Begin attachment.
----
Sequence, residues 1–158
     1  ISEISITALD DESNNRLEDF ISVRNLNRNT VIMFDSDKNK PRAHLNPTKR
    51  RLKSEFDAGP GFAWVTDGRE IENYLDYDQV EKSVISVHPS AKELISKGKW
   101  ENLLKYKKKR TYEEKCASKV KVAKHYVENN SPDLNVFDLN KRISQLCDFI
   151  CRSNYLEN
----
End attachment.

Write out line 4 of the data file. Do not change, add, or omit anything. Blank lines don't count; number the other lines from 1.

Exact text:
   101  ENLLKYKKKR TYEEKCASKV KVAKHYVENN SPDLNVFDLN KRISQLCDFI